Shocked courtroom attendees' jaws dropped open at Olasky's testimony and some mouthed "oh my God" to one another.

Then, at 1:11 p.m., the entire day shifted from calamity to anarchy. The prosecution's Hail Mary came written on beige stationary.

In the middle of Olasky’s testimony, Assistant District Attorney Christopher Bowman sprinted into the courtroom through the side doors, brandishing a sheaf of paperwork above his head.

"Your honor, an indictment has returned," Bowman panted.

Hayes was hit with four counts: aggravated criminal damage, aggravated assault with a firearm, attempted second-degree murder for shooting Smith’s wife and second-degree murder on Smith, a sentence that carries a term of life in prison without parole.

Fuller and Daniels urged Judge Cantrell to continue the pre-trial probe, stating that the state already got what they wanted. The defense wanted something else. They wanted their version of the truth to be understood by the public. They wanted New Orleans to know that Hayes wasn’t the villain being painted in the media and Smith wasn’t the angel the city held in high regard.

"This building is supposed to be about justice, judge," Fuller called out. Cantrell needed yet another break but Fuller pushed on. "This boy was arrested 19 days ago, this is the fastest indictment ever ... I wonder what (the state) is trying to hide. It’s subterfuge that the state of Louisiana did this."

Burton, seizing his moment, attacked like a shark smelling blood in the water.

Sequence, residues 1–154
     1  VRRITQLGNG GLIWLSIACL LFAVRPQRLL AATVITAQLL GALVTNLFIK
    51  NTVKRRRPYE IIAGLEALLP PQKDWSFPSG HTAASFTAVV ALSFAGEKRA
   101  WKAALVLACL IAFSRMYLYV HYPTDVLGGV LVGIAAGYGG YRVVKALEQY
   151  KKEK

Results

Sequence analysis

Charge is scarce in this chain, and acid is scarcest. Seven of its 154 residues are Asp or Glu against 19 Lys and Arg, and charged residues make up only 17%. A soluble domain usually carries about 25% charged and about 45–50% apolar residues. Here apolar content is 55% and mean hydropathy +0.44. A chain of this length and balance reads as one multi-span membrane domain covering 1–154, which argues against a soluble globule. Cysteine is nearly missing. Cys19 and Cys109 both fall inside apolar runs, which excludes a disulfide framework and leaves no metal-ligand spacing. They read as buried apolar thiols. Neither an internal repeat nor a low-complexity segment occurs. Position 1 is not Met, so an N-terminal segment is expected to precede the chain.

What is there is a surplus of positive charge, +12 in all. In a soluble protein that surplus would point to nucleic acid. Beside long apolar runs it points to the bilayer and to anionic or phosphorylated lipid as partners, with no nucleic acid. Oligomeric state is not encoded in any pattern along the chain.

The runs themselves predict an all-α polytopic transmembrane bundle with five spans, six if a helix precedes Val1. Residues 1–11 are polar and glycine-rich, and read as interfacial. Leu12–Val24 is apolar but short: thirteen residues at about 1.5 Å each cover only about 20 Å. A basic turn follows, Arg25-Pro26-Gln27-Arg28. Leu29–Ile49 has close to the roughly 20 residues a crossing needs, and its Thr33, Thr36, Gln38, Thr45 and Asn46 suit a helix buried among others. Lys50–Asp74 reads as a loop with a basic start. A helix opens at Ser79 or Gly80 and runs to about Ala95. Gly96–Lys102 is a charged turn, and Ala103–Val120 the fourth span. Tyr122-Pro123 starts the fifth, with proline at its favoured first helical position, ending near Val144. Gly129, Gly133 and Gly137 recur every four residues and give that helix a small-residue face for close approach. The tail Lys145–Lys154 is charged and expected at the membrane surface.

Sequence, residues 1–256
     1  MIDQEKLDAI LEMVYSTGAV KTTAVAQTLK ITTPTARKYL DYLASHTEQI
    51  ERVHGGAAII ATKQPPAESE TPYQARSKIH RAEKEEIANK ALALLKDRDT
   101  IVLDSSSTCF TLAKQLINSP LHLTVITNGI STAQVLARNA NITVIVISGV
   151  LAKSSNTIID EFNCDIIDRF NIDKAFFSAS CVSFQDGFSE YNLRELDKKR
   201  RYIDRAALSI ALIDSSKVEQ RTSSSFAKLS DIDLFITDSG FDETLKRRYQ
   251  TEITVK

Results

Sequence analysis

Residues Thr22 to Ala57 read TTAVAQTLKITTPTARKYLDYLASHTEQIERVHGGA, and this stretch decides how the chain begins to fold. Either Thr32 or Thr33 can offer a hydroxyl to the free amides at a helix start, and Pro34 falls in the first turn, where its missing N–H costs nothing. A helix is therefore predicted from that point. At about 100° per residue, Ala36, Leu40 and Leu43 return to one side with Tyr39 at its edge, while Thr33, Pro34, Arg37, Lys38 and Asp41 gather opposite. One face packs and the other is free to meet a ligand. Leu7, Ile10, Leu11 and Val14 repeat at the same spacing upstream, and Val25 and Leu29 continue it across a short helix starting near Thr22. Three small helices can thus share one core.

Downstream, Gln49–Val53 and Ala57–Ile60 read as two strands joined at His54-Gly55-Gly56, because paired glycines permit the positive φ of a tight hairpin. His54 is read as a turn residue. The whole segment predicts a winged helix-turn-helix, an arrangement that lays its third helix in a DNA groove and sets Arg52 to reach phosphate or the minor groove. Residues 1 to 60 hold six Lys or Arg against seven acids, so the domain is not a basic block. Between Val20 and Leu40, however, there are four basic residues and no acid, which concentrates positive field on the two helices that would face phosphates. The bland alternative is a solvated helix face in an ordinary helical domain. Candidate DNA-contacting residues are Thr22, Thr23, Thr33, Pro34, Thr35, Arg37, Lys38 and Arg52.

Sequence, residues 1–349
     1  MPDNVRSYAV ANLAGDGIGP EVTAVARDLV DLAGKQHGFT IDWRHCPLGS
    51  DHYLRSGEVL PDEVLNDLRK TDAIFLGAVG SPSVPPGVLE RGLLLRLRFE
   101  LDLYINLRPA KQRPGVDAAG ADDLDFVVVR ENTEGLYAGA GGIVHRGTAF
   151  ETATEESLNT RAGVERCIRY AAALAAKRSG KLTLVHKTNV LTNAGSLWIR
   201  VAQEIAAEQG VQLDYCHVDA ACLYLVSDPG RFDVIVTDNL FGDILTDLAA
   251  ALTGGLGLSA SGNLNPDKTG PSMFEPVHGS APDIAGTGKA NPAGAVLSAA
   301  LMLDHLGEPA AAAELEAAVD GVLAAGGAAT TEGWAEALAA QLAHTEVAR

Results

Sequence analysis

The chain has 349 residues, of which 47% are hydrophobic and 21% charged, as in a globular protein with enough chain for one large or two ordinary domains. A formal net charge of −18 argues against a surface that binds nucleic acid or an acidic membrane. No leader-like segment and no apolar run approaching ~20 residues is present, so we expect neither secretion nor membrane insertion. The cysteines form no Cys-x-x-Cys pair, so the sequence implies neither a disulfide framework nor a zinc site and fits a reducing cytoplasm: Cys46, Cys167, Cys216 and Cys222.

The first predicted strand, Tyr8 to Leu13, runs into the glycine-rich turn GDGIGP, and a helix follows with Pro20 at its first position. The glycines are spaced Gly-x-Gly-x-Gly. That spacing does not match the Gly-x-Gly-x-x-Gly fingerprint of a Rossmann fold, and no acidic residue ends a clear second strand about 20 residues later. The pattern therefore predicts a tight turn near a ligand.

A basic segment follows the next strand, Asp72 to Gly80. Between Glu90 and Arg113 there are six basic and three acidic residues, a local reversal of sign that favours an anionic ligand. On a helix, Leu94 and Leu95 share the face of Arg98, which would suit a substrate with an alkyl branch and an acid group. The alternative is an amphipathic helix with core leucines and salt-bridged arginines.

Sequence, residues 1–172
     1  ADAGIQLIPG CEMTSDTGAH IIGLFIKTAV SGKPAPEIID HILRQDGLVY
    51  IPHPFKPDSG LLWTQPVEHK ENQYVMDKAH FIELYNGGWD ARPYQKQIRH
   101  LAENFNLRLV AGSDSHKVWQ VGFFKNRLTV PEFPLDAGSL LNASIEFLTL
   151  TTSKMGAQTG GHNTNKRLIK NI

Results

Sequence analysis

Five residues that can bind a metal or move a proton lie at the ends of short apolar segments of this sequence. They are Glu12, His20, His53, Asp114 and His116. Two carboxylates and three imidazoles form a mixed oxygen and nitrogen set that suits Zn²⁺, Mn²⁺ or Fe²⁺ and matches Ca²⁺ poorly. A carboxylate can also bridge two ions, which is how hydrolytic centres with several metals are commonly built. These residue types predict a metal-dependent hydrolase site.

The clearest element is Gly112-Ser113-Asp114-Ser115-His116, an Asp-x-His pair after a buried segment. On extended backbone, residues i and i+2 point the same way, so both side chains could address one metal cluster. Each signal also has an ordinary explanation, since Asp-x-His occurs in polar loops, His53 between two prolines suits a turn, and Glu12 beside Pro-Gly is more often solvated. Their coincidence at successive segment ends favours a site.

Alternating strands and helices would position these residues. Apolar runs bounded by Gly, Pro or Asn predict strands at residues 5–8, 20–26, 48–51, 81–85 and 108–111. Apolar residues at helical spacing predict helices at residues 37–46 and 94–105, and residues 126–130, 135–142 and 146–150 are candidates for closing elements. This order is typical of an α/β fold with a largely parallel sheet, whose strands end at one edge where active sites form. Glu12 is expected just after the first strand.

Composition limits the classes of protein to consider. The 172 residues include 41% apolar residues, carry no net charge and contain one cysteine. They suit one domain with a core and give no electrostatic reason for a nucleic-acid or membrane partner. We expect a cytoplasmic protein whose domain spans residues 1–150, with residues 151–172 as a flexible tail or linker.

"First of all, judge, Hayes is not a boy," Burton said. "An indictment has been returned ... that case is now in the hands of another section (of the court)."

With the indictment issued, the case moves to a different judge. What happened was obvious. The prosecution never cared to approach the hearing seriously, they just wanted to keep Hayes behind bars. A preliminary hearing -- where the prosecution would normally call witnesses -- was treated as a sideshow.

Fuller used it as an impromptu press conference. Burton waited out for his prayer to be answered. Both sides manipulated the judicial process, neither focusing on establishing or showing a lack of probable cause.

The defense’s momentum had collapsed in a matter of minutes. Fuller plopped down in his padded high chair, irate, re-positioning his suit jacket and wiping his mouth with that handkerchief.

At that moment Hayes sat emotionless, stunned even, at what had just occurred. The defendant, swung his body toward his supporters and his calm demeanor turned to distress.

"It’s crazy, man," he said.

The Magistrate court fell quiet. Cantrell escaped for his recess away from the madness. Supporters spilled into the auxiliary hallway where a scuffle broke out between two women. Sheriffs said it came out of frustration, the relationship both women had to Hayes was uncertain and they were booked on municipal battery charges.

Cantrell suspended the probable cause hearing and Hayes' bail was increased from $1 million to $1.75 million before releasing the furor upstairs to Criminal District Judge Camille Buras. The defense pled not-guilty to all charges.

This had never been a hearing. Neither side sought to establish probable cause and the actual proceedings were rendered moot because of the indictment. It was theater from the start and the curtain had finally, blessedly been lowered for the day.

Past 2 p.m., outside the court room, Hayes sat in disbelief. The 305-pound, 6'4 former football player slumped over, his beard pushed into his chest. It was all over. Hayes was going back to jail.